economic gobbledegook and equally mystifying decisions or lack
thereof. It’s clear they not only don’t know what they’re doing but
their efforts have consistently made things worse. Sometimes their
actions defy common sense and include unsavory overtones.
Consider the following: The Fed, which controls the flow of money,
recently announced they are going to purchase $600 billion in Treasury
bonds. They will do this because they fear deflation and would rather
cause inflation which they believe will increase job growth. (Don’t
ask – the Fed and common sense are not related.) The treasury note
transaction will be handled by the New York branch of the Federal
Reserve. These notes can be purchased directly from the U.S. Treasury
Department at face value. Alas, we’ll be purchasing these notes
through Goldman Sachs and paying fees. Oh, yeah. The head of the New
York branch of the Federal Reserve? That’s right. A former partner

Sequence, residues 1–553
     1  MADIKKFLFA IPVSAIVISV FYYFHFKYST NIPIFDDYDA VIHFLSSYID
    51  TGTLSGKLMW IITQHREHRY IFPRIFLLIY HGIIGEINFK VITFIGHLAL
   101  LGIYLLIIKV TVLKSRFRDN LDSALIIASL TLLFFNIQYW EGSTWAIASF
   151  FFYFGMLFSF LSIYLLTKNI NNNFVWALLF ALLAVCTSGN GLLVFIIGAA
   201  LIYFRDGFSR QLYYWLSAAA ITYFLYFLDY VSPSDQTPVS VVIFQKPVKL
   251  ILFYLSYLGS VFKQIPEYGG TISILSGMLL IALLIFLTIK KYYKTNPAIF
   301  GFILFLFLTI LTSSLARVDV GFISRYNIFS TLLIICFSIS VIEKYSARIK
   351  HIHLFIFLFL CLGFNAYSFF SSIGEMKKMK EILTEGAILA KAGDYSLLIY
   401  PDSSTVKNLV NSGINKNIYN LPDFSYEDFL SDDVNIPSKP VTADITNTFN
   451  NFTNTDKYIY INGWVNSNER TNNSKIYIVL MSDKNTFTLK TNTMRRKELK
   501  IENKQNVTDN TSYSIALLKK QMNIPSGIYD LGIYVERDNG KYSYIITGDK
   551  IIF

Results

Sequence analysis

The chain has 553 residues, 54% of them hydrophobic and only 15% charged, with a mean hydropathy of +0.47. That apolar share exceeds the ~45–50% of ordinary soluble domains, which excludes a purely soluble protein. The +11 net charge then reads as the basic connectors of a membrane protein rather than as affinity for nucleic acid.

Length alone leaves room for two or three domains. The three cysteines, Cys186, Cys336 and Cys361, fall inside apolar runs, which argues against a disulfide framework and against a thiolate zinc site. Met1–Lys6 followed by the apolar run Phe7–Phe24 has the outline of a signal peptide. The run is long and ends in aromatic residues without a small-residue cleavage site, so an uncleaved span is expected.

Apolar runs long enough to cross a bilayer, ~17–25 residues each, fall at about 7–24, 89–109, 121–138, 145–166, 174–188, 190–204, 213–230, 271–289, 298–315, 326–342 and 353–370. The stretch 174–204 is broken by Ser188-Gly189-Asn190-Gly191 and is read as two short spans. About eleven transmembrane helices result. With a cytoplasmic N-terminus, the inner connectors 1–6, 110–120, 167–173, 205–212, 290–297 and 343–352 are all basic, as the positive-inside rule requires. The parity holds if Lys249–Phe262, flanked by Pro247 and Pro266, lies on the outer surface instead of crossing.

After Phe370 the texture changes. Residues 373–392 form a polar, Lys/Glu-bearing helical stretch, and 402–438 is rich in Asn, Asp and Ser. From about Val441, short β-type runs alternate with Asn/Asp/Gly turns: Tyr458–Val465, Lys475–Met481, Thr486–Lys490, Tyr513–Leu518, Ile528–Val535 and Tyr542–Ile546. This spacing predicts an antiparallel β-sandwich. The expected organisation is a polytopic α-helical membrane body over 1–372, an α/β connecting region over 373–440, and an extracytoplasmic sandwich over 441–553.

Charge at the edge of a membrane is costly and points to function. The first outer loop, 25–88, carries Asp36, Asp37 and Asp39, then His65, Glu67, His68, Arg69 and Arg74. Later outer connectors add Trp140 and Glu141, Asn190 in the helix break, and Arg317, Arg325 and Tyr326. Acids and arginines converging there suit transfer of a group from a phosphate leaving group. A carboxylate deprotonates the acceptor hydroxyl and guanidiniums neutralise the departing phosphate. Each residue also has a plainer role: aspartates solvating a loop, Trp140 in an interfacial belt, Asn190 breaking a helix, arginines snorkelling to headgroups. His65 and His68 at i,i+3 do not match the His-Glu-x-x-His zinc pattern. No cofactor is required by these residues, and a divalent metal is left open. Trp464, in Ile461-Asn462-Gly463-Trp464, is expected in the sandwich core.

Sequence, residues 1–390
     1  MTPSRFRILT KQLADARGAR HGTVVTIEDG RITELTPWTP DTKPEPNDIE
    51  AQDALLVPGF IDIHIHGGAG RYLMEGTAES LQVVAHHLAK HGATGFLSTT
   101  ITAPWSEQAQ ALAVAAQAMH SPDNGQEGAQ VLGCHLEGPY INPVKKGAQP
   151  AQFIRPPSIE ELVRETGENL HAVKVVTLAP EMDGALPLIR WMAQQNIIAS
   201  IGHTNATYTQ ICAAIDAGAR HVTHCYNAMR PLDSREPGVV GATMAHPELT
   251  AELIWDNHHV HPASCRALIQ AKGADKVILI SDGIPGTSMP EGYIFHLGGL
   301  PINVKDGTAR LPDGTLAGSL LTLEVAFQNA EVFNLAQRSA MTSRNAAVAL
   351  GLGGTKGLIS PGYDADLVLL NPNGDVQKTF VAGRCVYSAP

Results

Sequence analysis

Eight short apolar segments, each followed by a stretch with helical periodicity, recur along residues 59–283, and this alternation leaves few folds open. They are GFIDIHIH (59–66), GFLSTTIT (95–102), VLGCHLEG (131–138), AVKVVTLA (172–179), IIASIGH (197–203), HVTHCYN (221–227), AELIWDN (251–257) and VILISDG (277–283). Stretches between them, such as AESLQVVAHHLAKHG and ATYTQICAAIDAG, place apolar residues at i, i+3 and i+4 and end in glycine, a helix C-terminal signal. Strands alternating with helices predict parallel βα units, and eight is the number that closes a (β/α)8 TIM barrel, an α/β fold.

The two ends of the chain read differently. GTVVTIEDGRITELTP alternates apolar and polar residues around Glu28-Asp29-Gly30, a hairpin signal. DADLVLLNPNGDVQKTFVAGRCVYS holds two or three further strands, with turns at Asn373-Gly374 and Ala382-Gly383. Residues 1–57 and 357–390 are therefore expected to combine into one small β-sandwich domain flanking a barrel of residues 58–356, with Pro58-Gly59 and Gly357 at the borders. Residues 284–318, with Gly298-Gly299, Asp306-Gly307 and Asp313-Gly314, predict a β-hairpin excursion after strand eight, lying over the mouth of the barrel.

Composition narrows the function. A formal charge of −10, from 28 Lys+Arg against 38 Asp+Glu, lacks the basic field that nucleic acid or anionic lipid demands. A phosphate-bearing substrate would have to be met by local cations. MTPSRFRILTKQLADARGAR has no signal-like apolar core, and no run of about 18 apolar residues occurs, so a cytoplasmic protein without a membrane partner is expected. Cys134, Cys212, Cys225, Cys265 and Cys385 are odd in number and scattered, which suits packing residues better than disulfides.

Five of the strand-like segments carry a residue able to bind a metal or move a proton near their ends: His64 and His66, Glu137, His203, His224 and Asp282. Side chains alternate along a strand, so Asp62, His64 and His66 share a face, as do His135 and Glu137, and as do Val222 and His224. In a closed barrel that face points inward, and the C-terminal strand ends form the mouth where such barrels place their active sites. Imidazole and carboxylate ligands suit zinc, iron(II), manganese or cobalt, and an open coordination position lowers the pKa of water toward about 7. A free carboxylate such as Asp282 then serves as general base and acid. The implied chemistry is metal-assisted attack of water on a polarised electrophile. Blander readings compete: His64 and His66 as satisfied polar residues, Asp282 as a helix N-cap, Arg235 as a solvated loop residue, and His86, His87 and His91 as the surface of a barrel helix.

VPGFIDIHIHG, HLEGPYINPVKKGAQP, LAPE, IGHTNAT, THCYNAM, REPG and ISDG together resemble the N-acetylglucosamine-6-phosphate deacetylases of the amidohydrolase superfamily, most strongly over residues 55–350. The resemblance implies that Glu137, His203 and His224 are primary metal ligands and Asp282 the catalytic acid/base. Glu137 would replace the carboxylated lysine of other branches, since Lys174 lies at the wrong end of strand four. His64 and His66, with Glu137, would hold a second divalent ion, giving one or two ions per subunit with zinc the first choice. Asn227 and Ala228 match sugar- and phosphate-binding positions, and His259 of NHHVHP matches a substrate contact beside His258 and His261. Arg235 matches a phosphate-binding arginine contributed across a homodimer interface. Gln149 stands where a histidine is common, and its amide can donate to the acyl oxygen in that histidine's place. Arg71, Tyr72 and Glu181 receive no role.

at Goldman Sachs.
With the Bowles-Simpson trial balloon we have at least a preliminary
proposal on the table that actually addresses the deficits. It
requires sacrifices from nearly everyone, as it should. It requires
political compromise in order to achieve a greater good, as it should.
Instead of working together, as the public wants, and embracing these
proposals as an excellent place from which we could start, both the
left and right have responded with great wailing and gnashing of
We’re left with the same vapid polemics and opaque rhetoric that
befouled our airwaves and souls during the campaigns. Our “new”
Congress, even before they’re sworn in, is looking, sounding and
acting pretty much like the old Congress.
Our new beginning is off to a bad start.